Grand Effie contenders included five Gold winners, Anomaly's iPhone media ambush for Keep a Child Alive, the second round of BBDO, New York's Ecomagination work for GE, JWT's "Let it Out" campaign for Kleenex and Secret Weapon Marketing's "Sirloin vs. Angus" push for Jack in the Box. Full results can be found on a PDF at the Effies site.
We spoke with jury member and AKQA, New York co-creative director Lars Bastholm about the winners.
How were the final throes of the judging process? How did you pick the Grand Effie winner?
We sat down yesterday morning from 8am to 2pm and talked. It's a really fun judging process with the Effies because you get to read the intentions first, what the strategic reasoning was behind what they did and how they got there, then you see the work, then you see the results. So it's like a whole marketing course in one, if you will. The five entries that made it into the discussion were Gold winners, out of those we were charged with finding the winner.
In many ways they're so different because they come from different categories, so our challenge is to figure out what is really the best of the best and award that with the Grand Effie.
How does the measurability of digital marketing messages change the way you guys are judging shows like the Effies that place emphasis on results?
The only one of the campaigns entered, if I recall correctly, that had any sort of measurement around digital was the Keep a Child one; they spent essentially next to no money, they just had to feed a few guys over a few days while they were standing outside of the store, so that spend versus the amount of media they got on and offline and what that would cost to buy, nobody else really went into great detail about what digital media had done for the overall package.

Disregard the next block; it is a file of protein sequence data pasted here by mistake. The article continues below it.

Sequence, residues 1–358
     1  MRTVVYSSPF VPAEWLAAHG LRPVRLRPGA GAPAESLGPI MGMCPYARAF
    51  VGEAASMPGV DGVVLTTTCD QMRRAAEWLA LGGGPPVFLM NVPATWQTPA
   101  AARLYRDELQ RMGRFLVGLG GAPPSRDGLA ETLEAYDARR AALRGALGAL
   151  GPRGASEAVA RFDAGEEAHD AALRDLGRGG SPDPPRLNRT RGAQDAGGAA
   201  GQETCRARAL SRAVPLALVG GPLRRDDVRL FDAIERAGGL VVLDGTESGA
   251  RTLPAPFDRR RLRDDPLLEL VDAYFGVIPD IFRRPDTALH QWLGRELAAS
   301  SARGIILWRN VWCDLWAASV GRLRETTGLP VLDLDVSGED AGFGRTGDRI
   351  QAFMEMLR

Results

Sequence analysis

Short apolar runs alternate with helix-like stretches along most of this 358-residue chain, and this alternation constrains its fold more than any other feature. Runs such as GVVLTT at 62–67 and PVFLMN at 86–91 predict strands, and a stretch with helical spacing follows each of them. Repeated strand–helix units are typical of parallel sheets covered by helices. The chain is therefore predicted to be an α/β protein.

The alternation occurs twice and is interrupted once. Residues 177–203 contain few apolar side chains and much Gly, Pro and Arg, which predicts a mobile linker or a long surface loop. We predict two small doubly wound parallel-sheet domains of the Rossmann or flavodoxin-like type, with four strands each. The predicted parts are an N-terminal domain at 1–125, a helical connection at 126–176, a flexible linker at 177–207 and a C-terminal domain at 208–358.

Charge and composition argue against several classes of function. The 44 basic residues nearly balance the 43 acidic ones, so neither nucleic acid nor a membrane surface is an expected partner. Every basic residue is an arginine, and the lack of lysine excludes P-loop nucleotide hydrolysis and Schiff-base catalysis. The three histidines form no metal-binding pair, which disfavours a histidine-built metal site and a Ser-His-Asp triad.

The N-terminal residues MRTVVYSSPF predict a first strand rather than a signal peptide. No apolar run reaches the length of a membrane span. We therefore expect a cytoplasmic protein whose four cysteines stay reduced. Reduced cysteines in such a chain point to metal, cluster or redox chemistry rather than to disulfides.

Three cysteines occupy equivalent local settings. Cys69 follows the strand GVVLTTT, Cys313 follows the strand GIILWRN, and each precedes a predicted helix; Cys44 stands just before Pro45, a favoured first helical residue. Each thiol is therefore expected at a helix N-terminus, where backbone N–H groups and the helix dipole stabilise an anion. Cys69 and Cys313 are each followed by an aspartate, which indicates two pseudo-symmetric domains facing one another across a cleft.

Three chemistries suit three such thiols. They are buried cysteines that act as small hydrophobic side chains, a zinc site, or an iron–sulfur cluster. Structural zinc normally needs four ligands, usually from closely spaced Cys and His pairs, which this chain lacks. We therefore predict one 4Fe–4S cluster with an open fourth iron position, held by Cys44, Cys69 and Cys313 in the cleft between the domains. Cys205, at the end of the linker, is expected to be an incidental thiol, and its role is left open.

That will probably change, no?
I think it probably will, so you can see more of a breakdown into various media channels. Some had humongous media budgets, some had small. So there's a little bit of an apples and orange comparison.
And what about in terms of accuracy—if a digital push's intentions are to corner the market in 18-24 year-old male eyeballs and afterwards they can show that with tangible metrics...
That would be fantastic; that's something that we should probably be pushing for in the future, where more and more of the campaigns and winners will be digitally focused; some of these had only small digital components so you're looking at the entire package of outlets versus just digital or print or TV.
In the case of the Wii, how can you distinguish between the strength of the product and the strength of the marketing? The argument could be made that without any major advertising the Wii would have been as successful.
It's funny you should ask that; it was a big discussion we had yesterday, exactly that. The argument could be made that the product sold itself, it was so strong. But what they did, from a marketing perspective, was took that truth, said All we need to do is wrap a product demonstration in few clever way; that's our campaign. We don't need to 'market' this; we just show what it does. That's exactly what the entire campaign's about. It was product demo; they had a lot of outdoor stunts where they basically put up a screen and a Wii in the streets and asked people to play. My favorite aspect of the campaign was that they did the Tupperware party route. They got alpha moms together for Wii parties to showcase that it's not just for the pimpled teenage boys in the back room, it's a social gaming machine that can tie the family together; it's something you could do for everybody. They went out to retirement homes as well, to show old people how to use the Wii. It's so easy to say the product sold itself, but I think the campaign was brilliant in that it realized that and didn't do anything to get in the way of allowing the product to sell itself. It was a really good discussion of product versus marketing and how you support a great product as opposed to trying to come up with a 'clever' way of marketing it.